We’re facing a climate emergency so we must embrace renewable energy. But we need to ensure the means of that energy are in the right place and on a suitable scale.
The proposed Cleve Hill Solar Park would develop a vast industrialised Solar Power Station on Graveney Marshes in North Kent. The scale of the project is so big that it required a six month national planning examination and government-level decision.
On the 28th May 2020 the Secretary of State approved the scheme, despite serious opposition from statutory bodies, wildlife and environmental organisations, and thousands of individuals.
Our campaign continues…
We believe that the area should be allowed to revert to salt marsh. This was the original Environment Agency plan for the area and would have many benefits for the natural environment:
- The Greater Thames Estuary is a major feeding hub for waterfowl and thus one of the most important places for wildlife on the planet.
- The proposed Solar Power Station would destroy the habitat of over 390 species of wildlife, including protected species such as the marsh harrier, lapwing, skylark and Brent geese.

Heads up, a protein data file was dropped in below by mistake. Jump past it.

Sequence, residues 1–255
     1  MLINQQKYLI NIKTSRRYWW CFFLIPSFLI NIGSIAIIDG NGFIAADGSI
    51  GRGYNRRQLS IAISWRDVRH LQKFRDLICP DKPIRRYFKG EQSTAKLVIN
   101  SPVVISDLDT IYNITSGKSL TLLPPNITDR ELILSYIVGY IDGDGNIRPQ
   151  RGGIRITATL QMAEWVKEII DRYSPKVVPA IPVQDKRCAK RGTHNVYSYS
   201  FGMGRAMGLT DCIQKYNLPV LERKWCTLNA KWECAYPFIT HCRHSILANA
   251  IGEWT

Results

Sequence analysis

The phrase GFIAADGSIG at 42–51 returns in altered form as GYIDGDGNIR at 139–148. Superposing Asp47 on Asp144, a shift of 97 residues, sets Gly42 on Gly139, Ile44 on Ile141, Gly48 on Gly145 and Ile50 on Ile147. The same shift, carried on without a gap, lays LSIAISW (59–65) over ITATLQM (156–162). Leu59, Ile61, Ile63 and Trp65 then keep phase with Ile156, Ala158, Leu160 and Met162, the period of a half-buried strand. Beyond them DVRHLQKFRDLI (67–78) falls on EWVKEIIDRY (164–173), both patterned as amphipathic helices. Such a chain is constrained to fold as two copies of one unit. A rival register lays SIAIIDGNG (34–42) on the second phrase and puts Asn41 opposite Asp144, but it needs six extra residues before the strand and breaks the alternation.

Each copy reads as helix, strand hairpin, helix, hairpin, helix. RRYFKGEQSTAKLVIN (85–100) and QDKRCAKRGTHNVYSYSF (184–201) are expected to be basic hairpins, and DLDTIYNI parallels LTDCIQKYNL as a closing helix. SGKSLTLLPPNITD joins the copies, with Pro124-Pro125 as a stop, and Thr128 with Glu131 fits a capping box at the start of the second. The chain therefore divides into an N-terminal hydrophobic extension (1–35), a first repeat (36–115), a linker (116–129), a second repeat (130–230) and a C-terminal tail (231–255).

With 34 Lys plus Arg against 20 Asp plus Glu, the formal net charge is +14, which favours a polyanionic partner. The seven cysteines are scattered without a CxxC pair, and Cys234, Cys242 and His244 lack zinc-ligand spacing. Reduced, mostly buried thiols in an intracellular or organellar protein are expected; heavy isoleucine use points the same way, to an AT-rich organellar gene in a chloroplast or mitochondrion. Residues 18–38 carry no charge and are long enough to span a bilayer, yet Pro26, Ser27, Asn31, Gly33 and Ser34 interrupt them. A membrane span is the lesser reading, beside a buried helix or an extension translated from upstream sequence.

- Graveney Marshes is the missing piece of the jigsaw in protected sites along the North Kent coast and could be part of a Nature Recovery Network in Kent – to expand and connect our best wildlife sites.
- The right use for Graveney Marshes is to help save the nation’s threatened wildlife.
- Salt marshes are the second most valuable ecosystem in the world so are vital natural climate solutions – they have huge benefits in terms of carbon capture (helping to reduce CO2), biodiversity and flood protection.
- The Environment Agency’s original plan (agreed with local stakeholders) was to allow the Graveney Marshes to revert to salt marsh within the next 20 years. The proposed Solar Power Station would mean that this would not be possible.
- Graveney Marshes is one of a small number of places that could be used to replace the internationally-important coastal wetlands (marshes) that are being lost due to the rise in sea-levels.
- The Environment Agency estimates that over 17,000 homes are at risk of flooding along the North Kent Coast, including in Faversham, Seasalter and Whitstable.
- The area has suffered from serious floods in the past – letting the sea back into the marshes could take the pressure off our coastal communities.